chair of Political Commission #2 of JEF-Europe
The COP currently taking place in Mexico is the 16th, indicating that the problem has been at the top of the UN list of priorities over the last decades. But what exactly has been done so far? Not much, except for the already mentioned Kyoto Protocol. But the Protocol itself doesn’t represent a great model of efficiency, considering it’s not being signed by the United States of America, which surely has a crucial share of responsibility for global pollution. A major weakness of the COP is that the Parties are not forced to sign or implement treaties and protocols discussed during the meeting. There is no legal possibility to do so, since the UN is not a global government but a transnational organisation, and in cases of global interest like environment or currency the advocacy for a world federalism is understandable and does not seem that visionary anymore.
More recent efforts were made, for example last year at COP 15 in Copenhagen. But no progress was made there, because some emerging countries put their people’s wealth first; meaning “Who cares about too much pollution? Our industries are at the top of productivity and why put that at risk only to reduce emission and save the planet? The planet will exist more than a lifetime”. It was interesting to see that neither the U.S. nor the 27 member states of the European Union were able to put on the agenda essential topics in order to convince those countries to change their point of view.
Since the global approach has failed in being efficient so far, why not apply the rule “think globally, act locally” and start with local policies to reduce emission?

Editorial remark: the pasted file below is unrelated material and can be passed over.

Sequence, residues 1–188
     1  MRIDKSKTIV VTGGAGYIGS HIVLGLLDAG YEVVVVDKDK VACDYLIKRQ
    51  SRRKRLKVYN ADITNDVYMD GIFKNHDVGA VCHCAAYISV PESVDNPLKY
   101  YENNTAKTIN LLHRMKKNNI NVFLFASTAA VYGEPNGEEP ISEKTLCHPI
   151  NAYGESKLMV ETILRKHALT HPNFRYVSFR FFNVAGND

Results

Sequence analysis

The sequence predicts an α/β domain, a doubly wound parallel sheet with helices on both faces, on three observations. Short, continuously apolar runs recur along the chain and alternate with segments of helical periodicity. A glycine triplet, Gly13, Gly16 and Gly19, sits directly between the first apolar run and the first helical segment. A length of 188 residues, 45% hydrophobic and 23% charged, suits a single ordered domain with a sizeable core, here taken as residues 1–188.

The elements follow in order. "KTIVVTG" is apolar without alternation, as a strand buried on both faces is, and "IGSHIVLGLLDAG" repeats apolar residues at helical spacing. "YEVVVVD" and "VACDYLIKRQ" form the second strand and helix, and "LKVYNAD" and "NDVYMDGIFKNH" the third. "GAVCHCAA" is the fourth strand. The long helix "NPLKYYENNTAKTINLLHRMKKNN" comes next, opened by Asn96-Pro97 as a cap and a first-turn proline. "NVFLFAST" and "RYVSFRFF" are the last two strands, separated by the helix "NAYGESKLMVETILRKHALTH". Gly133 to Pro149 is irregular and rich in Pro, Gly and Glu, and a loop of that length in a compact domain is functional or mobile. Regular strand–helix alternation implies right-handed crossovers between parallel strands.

It seems to be obvious that if the EU had a common foreign policy (and a single seat in the UN), if it was a federation, things might have turned out differently. But maybe members of the Union didn’t even want to convince others, maybe they profit from the current situation. Indeed, they decided to postpone the task of reaching an agreement on climate change, thus the conference did not result in any kind of concrete action. That’s something to think about.
Considering this, is it worth to spend lots of money and time (as well as boarding polluting airplanes) every year for such a meeting? Does anyone seriously believe something has changed since last year, when it was clearly not possible to reach an agreement? Since the global approach has failed in being efficient so far, why not apply the rule “think globally, act locally” and start with local policies to reduce emission? If the U.S. or the EU were to start the process, maybe others were willing to follow; and even if they cannot/don’t want to, someone has to be first. There is not much time left and seeking for an impossible global agreement is just a waste of time. If we didn’t even manage to create a European Federation, how could we possibly manage to have all the countries in the world sign and implement a protocol?